Physicist, Startup Founder, Blogger, Dad

Sunday, January 21, 2007

China anti-satellite capability and nuclear deterrence

There seems to be quite a bit of confusion over the recent demonstration of Chinese anti-satellite capability using medium range ballistic missiles. It's certainly true that this capability raises tremendous headaches for US military planners, who have become reliant on GPS and satellite intel for precision strikes and use of advanced weaponry. In any conflict over Taiwan, the US now has to factor in what might happen to its satellites. Certainly, it would have been in US interests to negotiate a treaty on anti-satellite weapons before the Chinese had a chance to test their capabilities.

But there's another aspect to this issue which I've not seen discussed. Because China's arsenal of ICBMs is quite limited (their longest range missiles are still liquid fueled, perhaps numbering less than 20, and their submarine-launch capabilities remain limited), any US missile defense system is a potential threat to Chinese nuclear deterrence. The US has continued to spend billions on a Star Wars program, ostensibly motivated by N. Korea, but such a system impacts the Chinese as well. The planning scenario for PLA strategists goes like this: (1) US first strike against Chinese ICBMs causes significant losses, (2) US missile defense system may be sufficient to stop a second strike consisting of only a handful of ICBMs. The Chinese anti-satellite capability helps guarantee their second-strike capability. They certainly have enough medium range missiles to do serious damage to the US spy satellite infrastructure, perhaps enough to disable any missile defense system.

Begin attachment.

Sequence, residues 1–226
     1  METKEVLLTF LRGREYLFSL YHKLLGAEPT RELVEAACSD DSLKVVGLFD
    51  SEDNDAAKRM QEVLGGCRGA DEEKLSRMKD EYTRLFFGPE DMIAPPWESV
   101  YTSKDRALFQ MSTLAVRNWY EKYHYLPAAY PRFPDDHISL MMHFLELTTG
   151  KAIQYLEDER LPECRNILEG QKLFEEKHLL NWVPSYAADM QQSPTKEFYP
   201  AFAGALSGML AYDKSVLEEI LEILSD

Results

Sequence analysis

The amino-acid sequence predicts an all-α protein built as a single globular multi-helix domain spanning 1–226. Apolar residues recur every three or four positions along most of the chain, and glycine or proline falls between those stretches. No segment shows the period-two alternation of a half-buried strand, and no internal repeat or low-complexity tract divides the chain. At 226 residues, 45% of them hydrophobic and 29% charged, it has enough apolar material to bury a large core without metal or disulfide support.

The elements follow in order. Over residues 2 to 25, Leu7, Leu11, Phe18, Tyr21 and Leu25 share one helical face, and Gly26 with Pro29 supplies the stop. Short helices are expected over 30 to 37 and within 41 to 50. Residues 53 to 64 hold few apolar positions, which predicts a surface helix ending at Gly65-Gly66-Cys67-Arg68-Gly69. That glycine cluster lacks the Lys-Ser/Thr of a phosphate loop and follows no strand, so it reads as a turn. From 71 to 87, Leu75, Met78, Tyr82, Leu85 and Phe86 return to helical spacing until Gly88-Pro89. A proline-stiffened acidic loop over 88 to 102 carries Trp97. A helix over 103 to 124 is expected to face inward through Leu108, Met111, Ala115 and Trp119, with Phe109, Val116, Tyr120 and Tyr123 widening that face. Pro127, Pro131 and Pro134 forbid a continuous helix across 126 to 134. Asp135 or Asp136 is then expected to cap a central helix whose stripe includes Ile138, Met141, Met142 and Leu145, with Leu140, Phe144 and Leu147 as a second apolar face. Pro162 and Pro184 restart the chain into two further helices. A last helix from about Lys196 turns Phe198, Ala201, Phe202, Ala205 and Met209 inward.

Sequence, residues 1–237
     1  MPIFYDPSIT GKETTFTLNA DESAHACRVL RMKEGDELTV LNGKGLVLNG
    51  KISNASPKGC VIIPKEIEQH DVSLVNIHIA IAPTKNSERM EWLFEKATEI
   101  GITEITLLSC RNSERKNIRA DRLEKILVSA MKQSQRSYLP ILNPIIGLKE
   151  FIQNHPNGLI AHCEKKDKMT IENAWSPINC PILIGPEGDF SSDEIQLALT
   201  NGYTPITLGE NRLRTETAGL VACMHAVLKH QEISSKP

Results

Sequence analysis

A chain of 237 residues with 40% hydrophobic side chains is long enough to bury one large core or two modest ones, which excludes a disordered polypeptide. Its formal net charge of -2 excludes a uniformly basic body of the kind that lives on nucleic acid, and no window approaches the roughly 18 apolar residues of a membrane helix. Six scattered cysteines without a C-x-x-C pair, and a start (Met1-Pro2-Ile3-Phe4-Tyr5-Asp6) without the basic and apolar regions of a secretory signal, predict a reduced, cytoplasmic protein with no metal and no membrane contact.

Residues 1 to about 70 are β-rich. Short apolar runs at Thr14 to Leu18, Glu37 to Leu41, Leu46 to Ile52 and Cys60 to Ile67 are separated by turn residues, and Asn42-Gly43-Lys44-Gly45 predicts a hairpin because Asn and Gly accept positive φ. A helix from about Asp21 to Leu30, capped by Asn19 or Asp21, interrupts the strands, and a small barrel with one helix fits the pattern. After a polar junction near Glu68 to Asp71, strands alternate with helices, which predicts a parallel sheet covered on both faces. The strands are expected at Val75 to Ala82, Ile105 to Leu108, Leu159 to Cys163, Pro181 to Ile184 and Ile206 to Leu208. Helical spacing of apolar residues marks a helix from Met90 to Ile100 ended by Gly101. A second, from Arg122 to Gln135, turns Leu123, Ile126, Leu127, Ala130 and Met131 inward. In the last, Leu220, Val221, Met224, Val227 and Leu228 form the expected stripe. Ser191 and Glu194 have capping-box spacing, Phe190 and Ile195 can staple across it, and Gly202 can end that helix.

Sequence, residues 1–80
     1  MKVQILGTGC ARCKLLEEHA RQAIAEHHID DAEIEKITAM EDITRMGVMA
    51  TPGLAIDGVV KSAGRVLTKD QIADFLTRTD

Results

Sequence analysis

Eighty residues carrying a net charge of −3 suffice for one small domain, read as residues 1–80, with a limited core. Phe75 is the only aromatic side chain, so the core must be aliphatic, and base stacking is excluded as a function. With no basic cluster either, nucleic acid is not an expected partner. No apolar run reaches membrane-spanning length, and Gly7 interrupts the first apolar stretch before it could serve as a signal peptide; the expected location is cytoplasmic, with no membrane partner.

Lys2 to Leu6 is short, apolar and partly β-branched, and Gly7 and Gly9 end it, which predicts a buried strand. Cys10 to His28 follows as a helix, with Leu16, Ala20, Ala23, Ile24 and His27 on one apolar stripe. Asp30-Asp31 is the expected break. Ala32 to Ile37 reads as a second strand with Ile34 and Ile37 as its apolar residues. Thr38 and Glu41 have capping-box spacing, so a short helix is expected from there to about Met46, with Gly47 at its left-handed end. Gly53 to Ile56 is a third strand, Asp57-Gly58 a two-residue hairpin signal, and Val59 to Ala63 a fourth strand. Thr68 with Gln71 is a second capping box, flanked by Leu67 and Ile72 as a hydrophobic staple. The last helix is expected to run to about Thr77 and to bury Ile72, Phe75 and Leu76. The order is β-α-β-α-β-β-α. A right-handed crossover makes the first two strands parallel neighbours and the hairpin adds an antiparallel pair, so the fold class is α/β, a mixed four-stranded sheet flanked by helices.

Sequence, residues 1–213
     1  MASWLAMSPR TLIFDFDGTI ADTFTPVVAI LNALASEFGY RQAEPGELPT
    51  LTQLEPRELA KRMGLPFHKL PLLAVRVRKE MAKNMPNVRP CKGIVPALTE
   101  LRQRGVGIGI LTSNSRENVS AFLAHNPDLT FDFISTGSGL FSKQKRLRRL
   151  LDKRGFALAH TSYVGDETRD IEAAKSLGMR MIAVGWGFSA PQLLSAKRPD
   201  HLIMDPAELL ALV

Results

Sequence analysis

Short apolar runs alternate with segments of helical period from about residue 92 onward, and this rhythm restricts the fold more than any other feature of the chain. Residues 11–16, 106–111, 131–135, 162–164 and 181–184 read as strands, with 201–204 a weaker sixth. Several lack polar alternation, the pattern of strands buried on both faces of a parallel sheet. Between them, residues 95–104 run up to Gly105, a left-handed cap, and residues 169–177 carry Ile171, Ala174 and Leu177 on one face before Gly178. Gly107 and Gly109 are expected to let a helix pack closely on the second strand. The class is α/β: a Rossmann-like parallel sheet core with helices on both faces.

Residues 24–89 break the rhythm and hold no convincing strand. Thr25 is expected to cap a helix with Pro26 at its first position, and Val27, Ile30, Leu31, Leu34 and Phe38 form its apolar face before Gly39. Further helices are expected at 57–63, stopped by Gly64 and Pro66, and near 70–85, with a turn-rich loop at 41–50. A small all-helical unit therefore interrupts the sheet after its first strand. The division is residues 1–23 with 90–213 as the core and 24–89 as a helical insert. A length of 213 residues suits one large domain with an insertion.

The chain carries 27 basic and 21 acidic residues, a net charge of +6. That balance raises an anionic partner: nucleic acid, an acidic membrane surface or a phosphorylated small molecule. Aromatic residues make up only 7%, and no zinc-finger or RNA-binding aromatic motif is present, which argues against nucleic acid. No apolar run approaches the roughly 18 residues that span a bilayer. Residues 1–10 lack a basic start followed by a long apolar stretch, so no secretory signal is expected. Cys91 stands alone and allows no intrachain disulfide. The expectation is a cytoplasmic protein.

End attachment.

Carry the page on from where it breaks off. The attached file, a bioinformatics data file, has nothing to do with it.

Most scientists will tell you that the current US system is far from capable of (2), and that the whole thing is essentially military welfare for defense contractors and the aerospace industry, but nevertheless foreign strategists have to take the system seriously -- just as the Soviets took Reagan's original Star Wars efforts seriously. So, Chinese planners need to make sure they have a counter-counter measure against our missile defense system.

Incidentally, those credulous folk who believe the proponents of the current anti-missile system might want to ask themselves how credible the Livermore/Star Warrior/Reaganites were 25 years ago when they claimed they could actually build something to defend against the entire Soviet arsenal. The current system is much more limited in scope -- meant to stop one or a handful of incoming missiles -- but still hasn't been convincingly tested. If the Star Warriors were exaggerating then, they're quite likely exaggerating now.


Anonymous said...

Interesting. I didn't know China had developed anti-satellite weapons. And I was only peripherally aware that Star Wars was still going on -- they've kept it pretty quiet in recent years (then again, we've had plenty else going on to distract us).

The problem I have with the PLA scenario you outlined is that it includes the U.S. striking first, and in a big enough way to cause significant losses. I don't even want to think about what kind of situation we'd have to be in in order for a large U.S. first strike to be our best option.


steve said...

The US doesn't have to strike first -- just be in a position to *threaten* to strike first and be willing to deal with the consequences.

Ugly brinksmanship and bargaining over nuclear terror were a major motivation for game theory research in the 1950's...

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